How can I support a male who has identified themselves to me as a sexual assault survivor?

Q:

How can I support a male who has identified themselves to me as a sexual assault survivor?

A:

If you have a friend that is male-identified how would you support them?

Would it be any different than supporting a female-identified friend?

No, someone is still coming to you and trusting you with this life-changing thing that has happened to them. It is hard for any survivor to share their experiences with others. With a male-identified person, a different level of shame tends to be attached to the trauma. There is an extra nuance that male-identified people are supposed to be strong and unaffected by anything around them. Male-identified people are supposed to be able to deal with any situation and protect themselves from assault. The truth is that any human can be assaulted, regardless of their gender identity. If a male-identified friend comes to you with information that they have been assaulted, you should believe them. A lot of male-identified people do not come forward because of stereotypes and because when seeking assistance, they are met with more distress.

The next thing to know is to try to avoid questions about when, where or why the assault happened.

If someone trusts you with this information, you should:

  • Avoid digging for any additional details.
  • Thank them for trusting you with this information.
  • Ask what they need. A lot of times they may not know what specific support they may need at the time.
  • Know that just showing up and being present for them can be very helpful.
  • Let them know they have options and choices, such as going to the hospital for a SART exam. (For survivors of sexual assault, obtaining a survivor-sensitive medical examination through a Sexual Assault Response Team, or “SART,” program can help to reduce additional trauma during the medical and/or criminal justice process.) Note that this is only an option if the assault took place within the last 72 hours. There are psychological services as well.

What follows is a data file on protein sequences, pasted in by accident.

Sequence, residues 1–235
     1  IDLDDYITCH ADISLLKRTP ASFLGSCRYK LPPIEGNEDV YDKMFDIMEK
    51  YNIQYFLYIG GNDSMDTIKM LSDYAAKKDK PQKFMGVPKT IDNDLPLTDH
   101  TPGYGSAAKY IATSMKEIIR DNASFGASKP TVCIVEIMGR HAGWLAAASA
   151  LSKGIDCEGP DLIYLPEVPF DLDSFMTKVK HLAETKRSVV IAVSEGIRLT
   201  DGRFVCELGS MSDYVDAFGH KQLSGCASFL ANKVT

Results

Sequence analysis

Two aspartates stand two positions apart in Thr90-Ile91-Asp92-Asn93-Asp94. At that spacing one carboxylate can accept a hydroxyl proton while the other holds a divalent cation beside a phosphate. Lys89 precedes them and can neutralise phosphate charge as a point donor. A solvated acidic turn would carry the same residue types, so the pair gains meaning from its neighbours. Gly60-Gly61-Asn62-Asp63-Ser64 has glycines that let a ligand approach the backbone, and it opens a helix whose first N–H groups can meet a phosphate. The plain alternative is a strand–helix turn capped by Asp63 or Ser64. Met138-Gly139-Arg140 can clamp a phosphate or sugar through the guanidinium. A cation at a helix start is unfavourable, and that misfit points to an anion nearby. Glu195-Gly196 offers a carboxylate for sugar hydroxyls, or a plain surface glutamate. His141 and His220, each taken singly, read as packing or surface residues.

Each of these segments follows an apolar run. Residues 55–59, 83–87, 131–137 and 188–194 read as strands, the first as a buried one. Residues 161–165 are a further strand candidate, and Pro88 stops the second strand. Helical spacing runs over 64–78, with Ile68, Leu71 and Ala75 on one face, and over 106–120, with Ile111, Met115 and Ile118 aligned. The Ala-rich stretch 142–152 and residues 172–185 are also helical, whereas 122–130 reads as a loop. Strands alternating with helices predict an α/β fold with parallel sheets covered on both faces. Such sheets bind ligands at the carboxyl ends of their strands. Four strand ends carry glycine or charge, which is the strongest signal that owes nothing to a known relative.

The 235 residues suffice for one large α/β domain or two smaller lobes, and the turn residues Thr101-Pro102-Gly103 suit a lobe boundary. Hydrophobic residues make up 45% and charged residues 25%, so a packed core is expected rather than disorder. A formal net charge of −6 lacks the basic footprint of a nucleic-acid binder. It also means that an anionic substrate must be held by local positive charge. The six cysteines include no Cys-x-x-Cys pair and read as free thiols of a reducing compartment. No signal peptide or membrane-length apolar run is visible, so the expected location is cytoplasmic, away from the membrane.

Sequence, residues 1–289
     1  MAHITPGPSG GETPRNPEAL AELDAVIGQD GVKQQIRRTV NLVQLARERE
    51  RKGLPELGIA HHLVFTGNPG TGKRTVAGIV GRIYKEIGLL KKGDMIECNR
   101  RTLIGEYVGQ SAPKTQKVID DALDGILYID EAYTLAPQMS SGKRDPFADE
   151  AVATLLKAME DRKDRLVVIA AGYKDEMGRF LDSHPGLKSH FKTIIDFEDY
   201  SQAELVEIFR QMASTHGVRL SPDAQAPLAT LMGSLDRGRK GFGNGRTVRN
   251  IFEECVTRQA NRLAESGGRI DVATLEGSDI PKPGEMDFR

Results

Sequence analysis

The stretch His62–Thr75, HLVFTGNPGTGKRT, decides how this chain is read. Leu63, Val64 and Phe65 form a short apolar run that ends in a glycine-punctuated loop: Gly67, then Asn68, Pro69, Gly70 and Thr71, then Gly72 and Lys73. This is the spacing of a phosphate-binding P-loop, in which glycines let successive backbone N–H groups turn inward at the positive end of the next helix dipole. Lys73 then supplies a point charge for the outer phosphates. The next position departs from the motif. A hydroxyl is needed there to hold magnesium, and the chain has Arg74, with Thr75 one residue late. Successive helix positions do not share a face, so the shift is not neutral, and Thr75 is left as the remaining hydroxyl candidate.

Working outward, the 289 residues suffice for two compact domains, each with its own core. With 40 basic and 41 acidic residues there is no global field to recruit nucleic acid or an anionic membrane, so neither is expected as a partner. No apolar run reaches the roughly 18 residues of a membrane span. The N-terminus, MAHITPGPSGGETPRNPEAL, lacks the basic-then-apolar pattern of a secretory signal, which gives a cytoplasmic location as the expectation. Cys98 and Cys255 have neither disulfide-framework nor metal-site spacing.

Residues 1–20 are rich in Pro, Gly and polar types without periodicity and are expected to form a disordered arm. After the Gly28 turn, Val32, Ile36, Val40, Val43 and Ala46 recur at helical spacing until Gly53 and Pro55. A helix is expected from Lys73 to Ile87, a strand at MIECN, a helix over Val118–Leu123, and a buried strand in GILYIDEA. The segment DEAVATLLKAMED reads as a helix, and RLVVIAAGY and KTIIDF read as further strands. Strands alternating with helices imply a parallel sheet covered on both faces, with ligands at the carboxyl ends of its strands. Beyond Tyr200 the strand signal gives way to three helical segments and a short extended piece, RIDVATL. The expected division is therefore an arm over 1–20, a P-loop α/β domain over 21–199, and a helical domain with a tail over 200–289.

• Resources for male-identified people are unfortunately few and far between. But a few resources you can share include 1in6, RAINN, Jim Hopper, MaleSurvivor.Org.

Please also take note that a lot of male-identified people are scared to come forward because when they do, they are often shamed after coming forward.

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Written by Jimanekia Eborn
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Jimanekia Eborn has worked in mental health for the last 10 years, which is where she saw the need for sexual education and sexual trauma support. This has led to her passion for assisting and supporting those that are sexual assault survivors and those without access to comprehensive sex education. Her compassion and passion for these populations has pushed her to continue building safe spaces for clientele, sharing education, and supporting their mental spaces.

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